Cancelled: Golden Square

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Price: $23-$32
For the duration of Rising festival, the drab Lonsdale Street car park will be a luminous, multi-disciplinary gallery filled with creative cocktails, drumming, inflatable self-portraits, building-sized projections and an absurd land-going kayak.

Update (June 3): This event was changed to reflect Rising's cancellation.

There’s a little iceberg bobbing in your cocktail, gently clinking against your glass. It’s a microcosm of the work before you: a glowing four-tonne column of ice embedded with microphones that record every crack, creak and slushy trickle as the ice melts down into the city.

Inside each block is a granite boulder, quarried in the 1800s near the Victorian town of Harcourt. This particular variety of dappled-grey stone shows up in the structures and facades of many of Melbourne’s old civic buildings.

By This Lake, by Tasmanian artist Lucy Bleach, is one of a number of pieces headed for Chinatown’s Golden Square Car Park. Grace Herbert, Rising’s visual arts curator, is using the multi-storey space to examine migration, colonisation, technology, consumerism and the environment, under the broad heading of “inland tides”.

Kamilaroi/Gamilaroi artist Reko Rennie has painted a vast expanse of the rooftop’s floor with his signature neon camouflage, while the surrounding walls will be lit with supersized projections, including Rennie’s own Initiation OA_RR and The Hearts of the People Are Measured by the Size of the Land, a seven-artist mini-exhibition curated by Olivia Koh, exploring the migrant experience from a mostly Asian perspective, speaking directly to the Chinatown location.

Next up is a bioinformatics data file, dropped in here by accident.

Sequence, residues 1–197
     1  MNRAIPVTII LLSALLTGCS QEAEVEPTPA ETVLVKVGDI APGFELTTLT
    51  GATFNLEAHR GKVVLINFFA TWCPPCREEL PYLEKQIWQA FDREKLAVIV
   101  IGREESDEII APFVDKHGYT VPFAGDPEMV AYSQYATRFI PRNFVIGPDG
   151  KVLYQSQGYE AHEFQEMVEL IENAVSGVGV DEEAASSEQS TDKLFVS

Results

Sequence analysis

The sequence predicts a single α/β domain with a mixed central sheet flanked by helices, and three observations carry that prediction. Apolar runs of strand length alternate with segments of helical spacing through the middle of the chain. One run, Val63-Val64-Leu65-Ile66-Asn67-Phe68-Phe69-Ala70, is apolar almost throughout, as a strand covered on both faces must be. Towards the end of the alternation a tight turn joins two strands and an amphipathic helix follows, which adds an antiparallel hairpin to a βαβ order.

Ex-Black Pearl bartenders Ryan Noreiks, Rob Libecans and Matt Stirling – aka Fancy Free, who had their own pop-up on Little Collins in 2019 – are running the rooftop bar. In addition to their own hyper-creative drinks, they’ll be pouring Atomic Brewing Beer, Rising x Blackhearts & Sparrows wine, and Rising’s own decadent take on the Negroni.

Once you’ve finished admiring the skyline, the lower levels of the multi-disciplinary gallery call. There, you might encounter two people paddling a wheeled kayak (Parallel Park’s absurd performance piece, Mission Surge), or maybe a 30-person procession of marchers and drummers (Parade for the Moon), exploring the moon’s symbolism in various cultures. (The lunar cycle is an overarching theme at Rising.) Other visual works take on sunken cities, fibre-optic cables, inflatable self-portraiture and a cheeky singing sun.